Liehs & Steigerwald has been handcrafting sausages and meats in Syracuse since 1936, when its German-immigrant founders first began sharing their traditional recipes and culinary methods. Current owner Chuck Madonna, who began working at the shop at age 15, and co-owner Jeff Steigerwald now run an expanded operation that keeps butchery simple. Butchers custom-cut top-grade meats on request, grind chuck fresh several times a day, and craft sausages of all sorts, from traditional kielbasa to specialty cheddar and chicken-wing bratwurst.
Savory sausages reside in all-natural casings, free of additives and fillers, and acquire a smoky flavor and a husky timbre in an old-fashioned smokehouse. At-home delivery service ferries the shop’s meats directly to customers’ abodes, though some specialties, such as corned beef, take a little extra time to prepare. Profiled by the Post-Standard, the Irish-American staple takes three weeks to perfect, and Liehs & Steigerwald’s butchers carefully marinate the corned beef in brine, spices, and fresh four-leaf clovers, creating succulent slices that require no extra seasoning before cooking.
Sam Mondello Jr. operates a family grocery of his own where he peddles fine Italian imports. The cozy neighborhood spot is a treasure trove of treats, with glass display cases packed with specialty meats and cheeses, produce coolers full of housemade sauces, and shelves loaded with espresso makers and Italian ceramics. The shop offers a sweeping variety of pastas made from premium ingredients, such as fettuccine made from whole wheat and rotini made from melted-down ancient Roman coins.
Sam and his staff extend their culinary expertise to preparing a wide variety of premade meals, whipping up Italian-style subs in the deli and freezing freshly made trays of lasagna and pizza. The skilled chefs provide hot Italian specialties to cater a wide-variety of special events, from large office functions to intimate football-game gatherings.
Delta Sonic Car Wash renews tarnished transportation with an innovative touchless car-wash system that automatically guides vehicles through a tunnel of high-pressure sprays and overhead buffing cloths. The hands-free wash massages mild lotions into paint jobs, leaving vehicles with sparkling, fingerprint-free finishes that are backed by a five-day guarantee. Detailing technicians do get their hands dirty as they make use of more than 100 hours of training to dote on vehicle interiors and exteriors with products from ValuGard, Aquapel, and Blue Coral. The team wields AOCA certification know-how when injecting engines with oil and devising rustproofing treatments that avoid drilling holes or covering corrosion in zit cream.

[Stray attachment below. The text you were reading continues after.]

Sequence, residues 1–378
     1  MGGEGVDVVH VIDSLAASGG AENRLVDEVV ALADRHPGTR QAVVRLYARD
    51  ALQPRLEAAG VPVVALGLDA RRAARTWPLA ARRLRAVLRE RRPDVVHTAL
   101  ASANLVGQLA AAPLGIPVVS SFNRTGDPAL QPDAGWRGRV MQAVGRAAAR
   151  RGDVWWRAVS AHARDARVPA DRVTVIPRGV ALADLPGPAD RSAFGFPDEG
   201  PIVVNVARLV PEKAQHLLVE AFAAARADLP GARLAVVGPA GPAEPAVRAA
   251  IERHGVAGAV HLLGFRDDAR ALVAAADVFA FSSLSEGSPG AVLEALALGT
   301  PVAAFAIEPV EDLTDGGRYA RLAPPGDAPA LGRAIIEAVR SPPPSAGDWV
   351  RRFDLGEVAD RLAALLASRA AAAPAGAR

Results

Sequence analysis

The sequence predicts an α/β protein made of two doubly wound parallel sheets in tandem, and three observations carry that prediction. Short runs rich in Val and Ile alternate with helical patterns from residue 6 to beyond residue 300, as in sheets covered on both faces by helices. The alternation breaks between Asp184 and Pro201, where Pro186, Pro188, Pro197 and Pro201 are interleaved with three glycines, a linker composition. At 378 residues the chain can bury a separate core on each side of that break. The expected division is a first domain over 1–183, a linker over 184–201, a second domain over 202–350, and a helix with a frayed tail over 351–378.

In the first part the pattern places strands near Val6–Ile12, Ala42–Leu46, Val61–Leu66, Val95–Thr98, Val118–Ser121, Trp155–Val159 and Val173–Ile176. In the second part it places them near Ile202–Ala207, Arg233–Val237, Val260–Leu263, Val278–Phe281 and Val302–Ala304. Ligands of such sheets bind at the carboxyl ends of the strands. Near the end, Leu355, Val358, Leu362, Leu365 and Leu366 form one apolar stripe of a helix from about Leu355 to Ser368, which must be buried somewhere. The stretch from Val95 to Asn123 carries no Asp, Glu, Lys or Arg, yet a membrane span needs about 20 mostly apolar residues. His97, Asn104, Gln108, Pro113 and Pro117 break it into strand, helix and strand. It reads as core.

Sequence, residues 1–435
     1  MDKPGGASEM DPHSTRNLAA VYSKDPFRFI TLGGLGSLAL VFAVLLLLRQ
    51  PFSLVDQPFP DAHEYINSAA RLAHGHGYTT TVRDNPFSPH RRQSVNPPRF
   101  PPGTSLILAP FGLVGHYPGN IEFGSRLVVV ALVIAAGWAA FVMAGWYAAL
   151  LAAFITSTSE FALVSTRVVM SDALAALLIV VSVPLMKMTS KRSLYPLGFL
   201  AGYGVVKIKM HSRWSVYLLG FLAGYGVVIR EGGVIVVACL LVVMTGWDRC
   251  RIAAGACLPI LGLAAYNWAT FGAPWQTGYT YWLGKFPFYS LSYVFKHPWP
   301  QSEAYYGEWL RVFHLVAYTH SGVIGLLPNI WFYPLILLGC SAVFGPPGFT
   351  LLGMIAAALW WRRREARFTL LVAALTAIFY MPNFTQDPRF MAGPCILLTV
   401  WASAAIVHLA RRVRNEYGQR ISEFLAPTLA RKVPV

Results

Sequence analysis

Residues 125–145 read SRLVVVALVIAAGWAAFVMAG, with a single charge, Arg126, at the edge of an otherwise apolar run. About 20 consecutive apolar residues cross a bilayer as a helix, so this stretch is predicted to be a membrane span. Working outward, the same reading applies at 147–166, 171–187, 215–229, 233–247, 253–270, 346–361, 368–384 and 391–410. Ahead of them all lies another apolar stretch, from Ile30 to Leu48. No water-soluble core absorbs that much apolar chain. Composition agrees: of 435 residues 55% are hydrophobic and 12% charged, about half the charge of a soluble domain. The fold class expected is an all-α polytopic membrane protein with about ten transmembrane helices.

On Fridays, the familiar aroma of frying fish wafts out of Westvale Fish Cove, luring in as many diners as it did when the restaurant opened its doors in 1948. But chefs keep the deep fryer sizzling throughout the rest of the week too, as they dip shrimp, calamari, and fish into its golden bubbles, yielding bronzed crusts and resonant crunches. In addition to their made-to-order meals, chefs can also wrap up raw seafood for customers to fry at home or to use as a subtle warning in front of complacent pet goldfish.
Shortly after Cherian Abraham moved to the United States from his Indian homeland, he opened the small video store that would blossom into Kashmir Groceries and Imports, a vibrant crossroads of South Asian sundries. Cherian’s son and the store’s present owner, Bijo, continues his father’s tradition of supplying local households with imported South Asian fare, Bollywood video rentals, and other knickknacks seized from Marco Polo’s suitcase at customs. Heavy sacks of basmati rice, cans of pickles and chutney, and rows of exotic spices line the grocer's shelves alongside fresh produce and certified halal meats. Phone cards keep loved ones up-to-date on juicy gossip and local monsoon reports, and a DVD-conversion service digitizes the essences of Indian cinema for at-home enjoyment.
Founded over 95 years ago, Hercules Candy Company daringly rescues distressed dessert-cravers with their handcrafted chocolates, ribbon candy, brittles, barks, and assortment of other classic confections. In the joyful tumult of the holiday season, these gentle giants flex their candy-making muscles with an array of wintery and Christmas-themed treats. Tree trimming becomes a tasty task with eight flavors of handmade candy canes ($0.85 each); chocolate spoons complete with mini-marshmallows ($1.75) are stirred directly into frothing mugs of hot milk or used as an advantage in a spoon fight; and stockings are stuffed with a gingerbread pop ($2) or solid chocolate Santa ($2.50–$13.99). Chocolate covered potato chips are individually hand-dipped in milk chocolate or both milk and white chocolate for the truly duplicitous secret agent (both $17.99 per pound). Devoted to maintaining their personal, hands-on approach to candy, Hercules Candy roasts nuts on the premises for sweets like their homemade peanut brittle ($11 per pound) and hand-dips chocolate in a variety of molds such as flowers, sports gear, vehicles, and life-sized presidents.